Lieberman with Chairman of Bosnia Presidency Zeljko Komsic.
(photo credit: Kevin Lamarque / Reuters)
SARAJEVO - Bosnia's trio of presidents said on Thursday they could not agree on whether to support a Palestinian bid for full UN membership, with Sarajevo potentially holding a key vote in the UN Security Council.
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Bosnia's presidency has been shared by leaders of its Muslim, Croat and Serb communities since its 1992-95 war.
In a statement after meeting Foreign Minister Avigdor Lieberman, the triumvirate said it had so far been unable to reach a joint position on the Palestinian application, reflecting the country's own ethnic divisions.
Palestinian Authority Foreign Minister Riyad al-Malki is expected to
arrive in Sarajevo on Friday to ask for Bosnia's vote as a temporary
member of the Security Council and the admissions committee currently
discussing the issue.
Given the constellation of Security Council members, Bosnia's vote could
be key and potentially force a promised veto by the United States.
Thursday's statement meant Sarajevo would likely abstain.
"The presidency of Bosnia-Herzegovina does not have a single view about
the issue, while such decisions must be taken through consensus," the
presidency statement quoted chairman Zeljko Komsic, a Croat, as saying.
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"Bosnia-Herzegovina, as a country which has been through the hell of
war, cares very much that all open issues should be resolved with great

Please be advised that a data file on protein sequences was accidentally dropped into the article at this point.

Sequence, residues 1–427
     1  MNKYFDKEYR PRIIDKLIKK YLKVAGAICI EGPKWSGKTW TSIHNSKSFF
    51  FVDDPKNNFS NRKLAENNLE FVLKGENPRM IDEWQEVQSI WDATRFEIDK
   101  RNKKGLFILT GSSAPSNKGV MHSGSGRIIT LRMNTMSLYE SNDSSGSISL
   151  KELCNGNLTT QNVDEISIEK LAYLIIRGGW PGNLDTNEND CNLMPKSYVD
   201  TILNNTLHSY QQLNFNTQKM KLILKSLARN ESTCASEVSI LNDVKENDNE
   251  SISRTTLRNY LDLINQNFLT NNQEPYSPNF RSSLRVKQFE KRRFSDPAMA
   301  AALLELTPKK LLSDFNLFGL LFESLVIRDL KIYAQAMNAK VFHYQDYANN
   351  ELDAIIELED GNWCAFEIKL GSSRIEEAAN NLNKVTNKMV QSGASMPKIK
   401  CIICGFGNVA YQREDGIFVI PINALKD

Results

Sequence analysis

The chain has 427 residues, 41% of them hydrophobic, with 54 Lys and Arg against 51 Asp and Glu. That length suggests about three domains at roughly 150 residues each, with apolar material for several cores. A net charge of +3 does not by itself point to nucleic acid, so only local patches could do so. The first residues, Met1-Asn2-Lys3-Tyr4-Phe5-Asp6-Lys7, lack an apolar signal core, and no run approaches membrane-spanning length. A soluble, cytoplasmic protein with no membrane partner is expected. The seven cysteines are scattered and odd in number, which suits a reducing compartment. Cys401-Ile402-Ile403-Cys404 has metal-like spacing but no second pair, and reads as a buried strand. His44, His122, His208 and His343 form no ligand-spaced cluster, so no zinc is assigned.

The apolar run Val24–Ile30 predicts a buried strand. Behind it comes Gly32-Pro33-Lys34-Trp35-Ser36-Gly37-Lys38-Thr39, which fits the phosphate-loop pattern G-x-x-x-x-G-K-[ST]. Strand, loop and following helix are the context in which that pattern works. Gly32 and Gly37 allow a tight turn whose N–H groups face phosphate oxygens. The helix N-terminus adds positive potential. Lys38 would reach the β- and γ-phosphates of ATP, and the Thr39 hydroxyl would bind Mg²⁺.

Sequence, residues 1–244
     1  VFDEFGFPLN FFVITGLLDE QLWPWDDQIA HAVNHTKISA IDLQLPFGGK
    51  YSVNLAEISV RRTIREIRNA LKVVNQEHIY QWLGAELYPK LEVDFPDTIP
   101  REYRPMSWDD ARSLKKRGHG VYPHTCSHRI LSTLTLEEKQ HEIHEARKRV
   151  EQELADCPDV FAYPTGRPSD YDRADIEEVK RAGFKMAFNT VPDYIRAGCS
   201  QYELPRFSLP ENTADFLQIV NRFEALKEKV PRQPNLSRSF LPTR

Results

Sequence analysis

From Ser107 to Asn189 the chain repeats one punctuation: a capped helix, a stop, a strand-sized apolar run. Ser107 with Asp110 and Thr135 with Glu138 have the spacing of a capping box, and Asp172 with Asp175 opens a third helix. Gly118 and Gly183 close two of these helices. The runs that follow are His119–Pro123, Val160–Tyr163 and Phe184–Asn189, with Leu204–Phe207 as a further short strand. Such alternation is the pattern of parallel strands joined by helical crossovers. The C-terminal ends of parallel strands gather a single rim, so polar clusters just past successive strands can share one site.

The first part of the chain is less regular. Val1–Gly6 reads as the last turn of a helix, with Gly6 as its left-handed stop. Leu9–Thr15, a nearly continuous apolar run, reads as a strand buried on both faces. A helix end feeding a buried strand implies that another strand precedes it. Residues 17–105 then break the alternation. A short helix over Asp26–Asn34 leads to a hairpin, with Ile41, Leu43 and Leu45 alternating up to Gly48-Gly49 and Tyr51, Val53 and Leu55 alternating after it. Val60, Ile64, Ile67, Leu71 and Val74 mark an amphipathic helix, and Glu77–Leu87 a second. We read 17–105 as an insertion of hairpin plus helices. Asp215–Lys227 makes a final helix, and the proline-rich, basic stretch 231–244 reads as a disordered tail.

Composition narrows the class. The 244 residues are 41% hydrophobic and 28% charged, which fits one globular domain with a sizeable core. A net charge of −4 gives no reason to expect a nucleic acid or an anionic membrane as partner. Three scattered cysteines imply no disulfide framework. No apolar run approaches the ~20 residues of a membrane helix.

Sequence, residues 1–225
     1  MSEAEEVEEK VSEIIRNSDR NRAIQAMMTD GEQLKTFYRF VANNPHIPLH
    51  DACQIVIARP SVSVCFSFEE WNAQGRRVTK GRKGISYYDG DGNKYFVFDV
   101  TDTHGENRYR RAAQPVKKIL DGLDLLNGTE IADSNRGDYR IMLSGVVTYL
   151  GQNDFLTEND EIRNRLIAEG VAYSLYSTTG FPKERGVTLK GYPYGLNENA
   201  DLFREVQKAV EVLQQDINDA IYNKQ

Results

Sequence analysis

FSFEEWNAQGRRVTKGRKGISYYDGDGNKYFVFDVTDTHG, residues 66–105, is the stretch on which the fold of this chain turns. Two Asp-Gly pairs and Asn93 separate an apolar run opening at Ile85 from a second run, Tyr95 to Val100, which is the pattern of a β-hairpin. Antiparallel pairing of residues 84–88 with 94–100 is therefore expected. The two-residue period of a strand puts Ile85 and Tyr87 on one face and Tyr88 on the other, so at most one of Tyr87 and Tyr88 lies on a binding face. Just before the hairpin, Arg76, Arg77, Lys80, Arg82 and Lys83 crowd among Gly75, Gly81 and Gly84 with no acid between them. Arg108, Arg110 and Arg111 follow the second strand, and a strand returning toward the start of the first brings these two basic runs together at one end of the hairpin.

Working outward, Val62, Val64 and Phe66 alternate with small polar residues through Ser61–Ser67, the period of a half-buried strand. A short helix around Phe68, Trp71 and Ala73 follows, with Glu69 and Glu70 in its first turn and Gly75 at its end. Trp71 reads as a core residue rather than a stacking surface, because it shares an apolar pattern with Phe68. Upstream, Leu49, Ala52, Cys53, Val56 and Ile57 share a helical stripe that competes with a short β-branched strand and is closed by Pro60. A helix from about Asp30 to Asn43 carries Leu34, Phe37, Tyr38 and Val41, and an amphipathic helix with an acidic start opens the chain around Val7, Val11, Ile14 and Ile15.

patience and wisdom, because this is the only path to a sustainable
peace," Komsic added.
The Bosniak (Bosnian Muslim) presidency member, Bakir Izetbegovic,
expressed his strong support for the Palestinian cause, while Serb
member Nebojsa Radmanovic said he was opposed to unilateral action and
supported direct talks between the two sides, according to the
The Palestinian application for UN membership, submitted by President
Mahmoud Abbas on Sept. 23, is expected to be dealt with by Security
Council ambassadors on or around Nov. 11, according to diplomatic
Bosnian Muslims are sympathetic to the Palestinian cause, with the
Palestinian Authority the first to recognize Bosnia as an independent
country when it split from the former Yugoslav federation in 1992.
Lieberman openly lobbied Serbs in Bosnia's autonomous Serb republic last
summer, when he spent a week of his holiday in the main town Banja
Luka, promising investment and financial support to the impoverished
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